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Kitchen Sinks and Metaphors: Writing THREADS

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April 18, 2017 by David

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Katharine Davenport and Samuel Lawrence in THREADS (Image Copyright: Lidia Crisafulli)

Katharine Davenport and Samuel Lawrence in THREADS (Image Copyright: Lidia Crisafulli)

I’ve always felt that the most gripping plays I’ve seen – the ones that have moved me, arrested me, left me sitting in the seat afterwards still processing the magnitude of what’s passed before me – are the ones that combine a deep sense of humanness with the slightly vertiginous feel of the world being kicked right off its axis. Usually that’s down to metaphor.

I want something in the theatre that ruptures your comfortable perspective on reality, interrupts your assumptions and – for a suspended moment – demands that you re-imagine human actions into an unsettling fictional landscape and are made to wonder.

On the one hand, that fictional landscape exists far beyond the material world we live in day-to-day; but on the other, it somehow opens up a gateway to us to re-seeing and revaluating the truth of that world like never before. We leave the theatre and things have shifted slightly.

Philip Ridley has this great phrase about his writing which is that he’s trying to ‘buckle the world’ a little. I didn’t know Ridley’s work that well when I first wrote Threads, but for me it was never just ‘another relationship play’. It couldn’t be. It needed a metaphor.

I knew it would be set in a small apartment and that there would definitely be a sink in it – so far, so domestic – but I also knew that what was feeding my burning desire to write went far beyond cosy domesticity. It was more like a lethal temptation: to look back at the past and wonder ‘what if?’ when I knew full well that was the worst possible thing to do.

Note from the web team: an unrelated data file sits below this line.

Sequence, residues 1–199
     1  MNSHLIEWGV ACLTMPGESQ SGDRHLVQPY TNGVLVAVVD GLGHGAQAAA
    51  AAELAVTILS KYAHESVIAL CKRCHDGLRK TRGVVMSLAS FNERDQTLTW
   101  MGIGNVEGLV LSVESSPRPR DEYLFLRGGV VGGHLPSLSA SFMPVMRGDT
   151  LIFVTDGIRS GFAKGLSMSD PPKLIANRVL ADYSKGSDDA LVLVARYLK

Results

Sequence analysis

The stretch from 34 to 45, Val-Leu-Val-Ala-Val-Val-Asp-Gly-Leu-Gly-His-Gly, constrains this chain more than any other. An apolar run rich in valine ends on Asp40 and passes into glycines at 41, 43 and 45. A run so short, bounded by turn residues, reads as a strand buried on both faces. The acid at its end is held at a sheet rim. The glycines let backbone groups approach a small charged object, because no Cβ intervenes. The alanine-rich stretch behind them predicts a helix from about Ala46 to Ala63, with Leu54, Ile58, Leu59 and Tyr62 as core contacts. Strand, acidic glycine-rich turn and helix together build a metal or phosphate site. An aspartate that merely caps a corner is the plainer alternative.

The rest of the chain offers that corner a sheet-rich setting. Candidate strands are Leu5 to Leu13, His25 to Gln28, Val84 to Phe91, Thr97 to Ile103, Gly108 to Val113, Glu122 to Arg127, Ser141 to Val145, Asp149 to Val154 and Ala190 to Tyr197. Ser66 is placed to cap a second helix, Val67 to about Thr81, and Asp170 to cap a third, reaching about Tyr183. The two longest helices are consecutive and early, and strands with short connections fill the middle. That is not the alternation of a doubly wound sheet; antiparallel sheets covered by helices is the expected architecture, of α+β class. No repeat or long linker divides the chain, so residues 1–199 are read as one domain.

For me this is what’s constantly fascinating about human beings, and about the characters in the play: our contradictions. Our compelling desire to go exactly where we know we shouldn’t.

Sometimes that’s out of hope, sometimes its curiosity. Sometimes we don’t know why we’re doing it, only that we’re aware something out of our own control is pulling us back to the lion’s den.

The further I got into creating ideas for Threads, the greater the sense of psychological and emotional danger grew. It took me far beyond just wanting to write brooding subtext: it felt like this impulse to dance with temptation when the stakes were continually rising was emblematic of something way beyond the characters’ consciousness.

I wondered what sort of extreme storytelling lens might have to be deployed to completely blow an audience’s expectations out of the water – and perhaps mine too, so I could re-see these people and understand their compulsions – and that’s when the metaphor at the heart of Threads, which totally explodes the characters’ preconceptions, was born. It takes us beyond the rational into another realm of forces that most people don’t want to admit are a possibility.

People break up. The pressure then is always to move on. But what might stopping dead look like within a theatrical world? What if you thought you were living, but were wrong?

All plays are about networks of human relationships: but for me Threads enlivens and heightens that network, exploring the potential relationships between humans, objects, places, spaces and history by deploying an expressive metaphor which takes over the whole world of the drama.

It throws together the kitchen sink with an unseen and unknowable universe, and hopefully provokes an audience – if only for a moment – to wonder ‘what if’?

Threads is on at the Hope Theatre in Islington (11 – 29 April): buy tickets here

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